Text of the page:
Guarantee Access to Affordable Quality Healthcare and Critical Human Services
We start with a fundamental principle. Any healthcare reform should provide the choice and control Americans want, the affordability they need, and the quality they deserve.
Mayors recognize that a strong federal, state, and local partnership is necessary to ensure that everyone has the services they deserve to live healthy and productive lives. Mayors also share a responsibility for the health, social welfare, and well-being of our communities, which includes ensuring access for all to affordable health care and comprehensive human services; robust and coordinated quality of life systems of care; walkable/bikeable neighborhoods; easy access to public transit and open space; safe and affordable housing; protection from emerging public health threats; and access to healthy, nutritious foods.
The facts are clear. The Affordable Care Act (ACA) decreased the number of uninsured, expanded health care coverage, and ended barriers to treatment for millions of residents in our cities. Additionally, ACA reduced medical gaps in coverage to ensure that essential health services like emergency, rehabilitative, pediatric, maternal and newborn care, lab, prevention and wellness, and mental health and substance use disorder benefits are protected.
Because these services and many others are of critical importance to the people we serve, mayors call on the President and Congress to:
- Strengthen local and federal partnerships by investing in public health and prevention programs, and support research, evaluation, and tracking of key health measures. The more we know, the healthier our populations will be, and the more healthcare dollars we can save.
- Ensure that any future health care proposal reduces long-term growth of healthcare costs for individuals, businesses, and government; protects families from bankruptcy or debt-driven by health care costs; guarantees choice of doctors and health plans, and provides individual control over healthcare decisions.
- Invest in prevention and wellness; improve patient safety, quality, affordability of care; assure affordable, quality health coverage for all Americans; include comprehensive mental health and substance use disorder treatment options; maintain coverage when someone changes or loses a job; and continue to reduce barriers to coverage for people with pre-existing medical conditions.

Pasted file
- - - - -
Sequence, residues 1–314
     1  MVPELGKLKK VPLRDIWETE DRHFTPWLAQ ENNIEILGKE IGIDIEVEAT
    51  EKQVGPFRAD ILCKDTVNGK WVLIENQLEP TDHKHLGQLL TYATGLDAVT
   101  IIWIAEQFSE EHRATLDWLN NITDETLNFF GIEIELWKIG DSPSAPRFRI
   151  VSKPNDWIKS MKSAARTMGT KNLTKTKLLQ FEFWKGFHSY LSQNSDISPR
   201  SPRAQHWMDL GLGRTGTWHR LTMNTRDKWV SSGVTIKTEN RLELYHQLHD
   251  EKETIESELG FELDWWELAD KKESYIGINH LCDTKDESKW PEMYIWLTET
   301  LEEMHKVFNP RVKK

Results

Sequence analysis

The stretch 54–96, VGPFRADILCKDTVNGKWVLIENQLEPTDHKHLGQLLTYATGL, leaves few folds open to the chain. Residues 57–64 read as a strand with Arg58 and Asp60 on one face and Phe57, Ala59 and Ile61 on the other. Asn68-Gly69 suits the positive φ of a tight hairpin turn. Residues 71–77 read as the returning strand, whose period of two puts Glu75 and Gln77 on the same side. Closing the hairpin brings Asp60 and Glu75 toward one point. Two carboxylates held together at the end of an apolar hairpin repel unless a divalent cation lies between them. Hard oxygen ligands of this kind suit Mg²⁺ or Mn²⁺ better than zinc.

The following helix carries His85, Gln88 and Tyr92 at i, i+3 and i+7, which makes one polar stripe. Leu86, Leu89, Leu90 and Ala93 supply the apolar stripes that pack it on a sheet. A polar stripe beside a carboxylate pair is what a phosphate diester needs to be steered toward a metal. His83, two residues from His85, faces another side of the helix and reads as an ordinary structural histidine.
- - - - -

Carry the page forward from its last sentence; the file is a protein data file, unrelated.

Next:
- Explore options to get additional funding directly to local government through reduced federal bureaucracy, changes in eligibility requirements of existing programs and/or create dedicated funding for local governments to address mental health and substance use disorders in our communities – to help more people find recovery and save lives.
- Expand support for child-care and early childhood development.
- Combat the growing youth vaping epidemic by supporting federal, state and local
- Evaluate pricing for prescription drugs based on their effectiveness and treatment outcomes; enact measures to prevent companies from using price gouging to increase profits; requiring drug advertisers to inform viewers of the cost of their medications, and include clear enforcement mechanisms to protect the American consumer.
While obesity and diet-related chronic disease also remain a growing epidemic, they are largely preventable.
Today, more than one in three children and adolescents, as well as two-thirds of adults, are overweight or obese. Healthy food and food insecurity have been established as important considerations for local governments as they are fundamentally linked to issues such as chronic health problems, economic inequity, environmental sustainability and economic development.
Federal nutrition and emergency assistance programs offer a vital safety net, while other important public-private programs are increasing access to healthy foods, stimulating new economic activity, creating links between cities and rural communities, and ensuring environmental stewardship.
Thus, mayors call on the President and Congress to:
- Craft a comprehensive national food policy that feeds the hungry, supports small farmers in urban and rural areas, and promotes access to healthy and affordable food for all residents in urban, suburban and rural communities. This includes strengthening incentives and infrastructure for local food production and distribution as well as environmentally sustainable farming practices. It also includes providing better access to fresh foods, investment in programs providing healthy food, expansion of programs that help communities invest in retail markets or food-based businesses, increased access to farmers’ markets, and expansion of farm-to-cafeteria programs that bring the freshest locally-grown food into school lunch programs, hospitals,
and other institutions.
- Reauthorize the Child Nutrition Act, WIC and Older Americans Act, so that every American knows he or she will always be protected.
- Strengthen the food safety-net by maintaining current benefit levels for the Supplemental Nutrition Assistance Program (SNAP).
- Support and strengthen local and regional food system infrastructure to ensure access to healthy and affordable food.